Although these three journals publish a large proportion of the research in general practice within the UK, they by no means represent 100% of it. To look at this further we examined the year 2000 and undertook a MEDLINE search using the key indexing phrase 'General Practice'. We found over 800 articles in a diversity of journals. Articles were published in the fields of rheumatology, medical ethics, obstetrics, public health, clinical pharmacology, clinical neurology and telemedicine to name but a few.
We chose to look at the year 2000. Would our results be different had we selected a different year? The published literature suggests otherwise. In a 20 year old study, Emerson and Colditz found t-tests (44%) and Chi-squared tests (27%) were the most common statistical methods reported although now Chi-squared tests are more common than t-tests (Table 5). Given the emphasis on statistical computing today we might have expected less reliance on these two methods. What lies behind this lack of progress? Altman and Goodman looked at the speed of the transfer of technology of new statistical methods into the medical literature. They concluded that many methodological innovations of the 1980s had still not made their way into the medical literature of the 1990s suggesting a typical lag-time of 4–6 years. Lag-time is likely to be related to quality statistical review and this may be longer in journals with less impact. It is also worth reporting that since we carried out this survey (year 2000) there will have been a modest increase in the use of newer, more sophisticated statistical techniques.
Now let us turn to study design. The gold standard research design is considered to be the randomised controlled trial (RCT). It has been acknowledged that carrying out RCTs in general practice are difficult[23, 24]. In our survey we found few RCTs (Table 3). There are particular problems of recruitment with respect to primary care. Many issues have been discussed. For example, most practices have no formal contractual arrangement to participate in research and may be unwilling to participate unless there is immediate benefit to their patients. It is known that motivating practices for long-term follow-up studies particularly is not easy. Practices may feel uncomfortable about randomising their patients but, delegation of this duty to another may lead to a breakdown of the special doctor/patient relationship. There are statistical and sample size concerns also. Randomisation by practice (so-called cluster randomisation) leads to larger sample sizes being required[27, 28].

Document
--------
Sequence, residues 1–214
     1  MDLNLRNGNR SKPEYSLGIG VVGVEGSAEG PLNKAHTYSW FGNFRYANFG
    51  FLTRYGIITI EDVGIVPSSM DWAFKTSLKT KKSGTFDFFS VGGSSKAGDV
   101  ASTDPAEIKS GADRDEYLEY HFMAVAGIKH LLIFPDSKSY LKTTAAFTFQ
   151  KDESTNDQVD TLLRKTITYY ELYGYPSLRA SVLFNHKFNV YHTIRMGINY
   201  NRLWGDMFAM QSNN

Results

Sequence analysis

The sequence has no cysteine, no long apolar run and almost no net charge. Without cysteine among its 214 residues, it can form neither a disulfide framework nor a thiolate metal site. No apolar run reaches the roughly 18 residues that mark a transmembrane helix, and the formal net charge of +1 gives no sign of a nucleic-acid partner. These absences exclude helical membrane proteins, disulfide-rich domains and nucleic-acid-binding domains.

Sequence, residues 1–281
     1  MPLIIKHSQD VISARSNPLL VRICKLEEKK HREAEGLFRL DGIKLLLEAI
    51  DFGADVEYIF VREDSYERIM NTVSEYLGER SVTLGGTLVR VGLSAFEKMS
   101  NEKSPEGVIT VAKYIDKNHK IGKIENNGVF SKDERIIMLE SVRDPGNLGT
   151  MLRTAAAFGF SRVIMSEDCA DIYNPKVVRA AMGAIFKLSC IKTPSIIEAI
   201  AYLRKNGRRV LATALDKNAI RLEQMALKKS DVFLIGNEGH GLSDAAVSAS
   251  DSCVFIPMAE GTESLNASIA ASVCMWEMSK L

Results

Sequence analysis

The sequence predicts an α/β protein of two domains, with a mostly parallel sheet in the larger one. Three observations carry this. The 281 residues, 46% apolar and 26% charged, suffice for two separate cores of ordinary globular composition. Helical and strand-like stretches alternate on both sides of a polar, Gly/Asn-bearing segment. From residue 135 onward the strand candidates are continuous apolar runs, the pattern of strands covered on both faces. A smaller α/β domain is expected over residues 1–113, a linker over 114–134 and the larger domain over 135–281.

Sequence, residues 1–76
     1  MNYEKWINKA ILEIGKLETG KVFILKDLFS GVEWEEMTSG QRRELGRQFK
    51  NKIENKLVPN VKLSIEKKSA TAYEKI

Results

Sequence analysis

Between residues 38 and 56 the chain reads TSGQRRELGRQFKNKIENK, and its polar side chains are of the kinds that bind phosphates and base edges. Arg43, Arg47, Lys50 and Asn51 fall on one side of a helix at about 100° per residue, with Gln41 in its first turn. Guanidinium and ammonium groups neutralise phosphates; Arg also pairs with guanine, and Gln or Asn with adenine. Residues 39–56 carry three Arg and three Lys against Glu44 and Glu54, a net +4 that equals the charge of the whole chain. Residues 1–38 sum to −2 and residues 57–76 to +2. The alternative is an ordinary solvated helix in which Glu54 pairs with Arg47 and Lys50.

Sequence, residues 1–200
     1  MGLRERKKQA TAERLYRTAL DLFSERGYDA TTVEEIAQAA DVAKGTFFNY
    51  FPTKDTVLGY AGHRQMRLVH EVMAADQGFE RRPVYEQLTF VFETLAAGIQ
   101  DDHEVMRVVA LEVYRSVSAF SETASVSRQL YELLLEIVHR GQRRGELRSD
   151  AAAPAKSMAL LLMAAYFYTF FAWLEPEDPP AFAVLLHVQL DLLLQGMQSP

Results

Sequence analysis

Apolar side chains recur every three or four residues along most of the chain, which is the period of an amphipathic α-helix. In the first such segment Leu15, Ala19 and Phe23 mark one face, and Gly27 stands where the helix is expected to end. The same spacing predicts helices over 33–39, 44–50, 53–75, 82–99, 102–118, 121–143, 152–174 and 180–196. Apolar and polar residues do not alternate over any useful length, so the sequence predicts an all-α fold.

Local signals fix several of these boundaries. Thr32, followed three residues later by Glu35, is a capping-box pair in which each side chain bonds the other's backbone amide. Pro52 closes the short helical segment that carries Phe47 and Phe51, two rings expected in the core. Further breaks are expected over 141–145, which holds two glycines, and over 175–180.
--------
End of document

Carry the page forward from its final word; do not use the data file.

What are the issues here? Are they really that different from secondary care? A recent publication posed the question 'What do residents really need to know about statistics?'. The authors surveyed six journals and catalogued them for their statistical and methodological content. The most popular statistical tests across the whole range of journals were the Chi-squared test followed by the t-test. The authors concluded that with knowledge of each of these two tests clinicians should be able to interpret up to 70% of the medical literature.
For all three journals there was a dearth of articles reflecting the diagnostic process. Why is this? It has already said that diagnosis is the Achilles Heel of GPs. If it is not to remain this way we must start to educate doctors. The question is how. The latest "Tomorrow's Doctors" states that students must have "Adequate knowledge of the sciences on which medicine is based and a good understanding of the scientific methods including principles of measuring biological functions, the evaluation of scientifically established facts and the analysis of data". Clearly, there is a role for teaching statistics in the education of doctors who wish to undertake research. The much greater prevalence of methods concerning binary data (Chi-squared test, logistic regression, odds ratios/relative risks) over methods concerned with continuous data should be reflected in our (statistical) teaching. Initial training in means, medians and modes should be replaced by relative risk, absolute risk and numbers needed to treat.
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The pre-publication history for this paper can be accessed here:http://www.biomedcentral.com/1471-2288/4/28/prepub
We wish to thank the referees for their constructive comments.
The author(s) declare that they have no competing interests.
Three authors (ASR, GKA and MJC) carried out the literature review while all four authors contributed to the writing.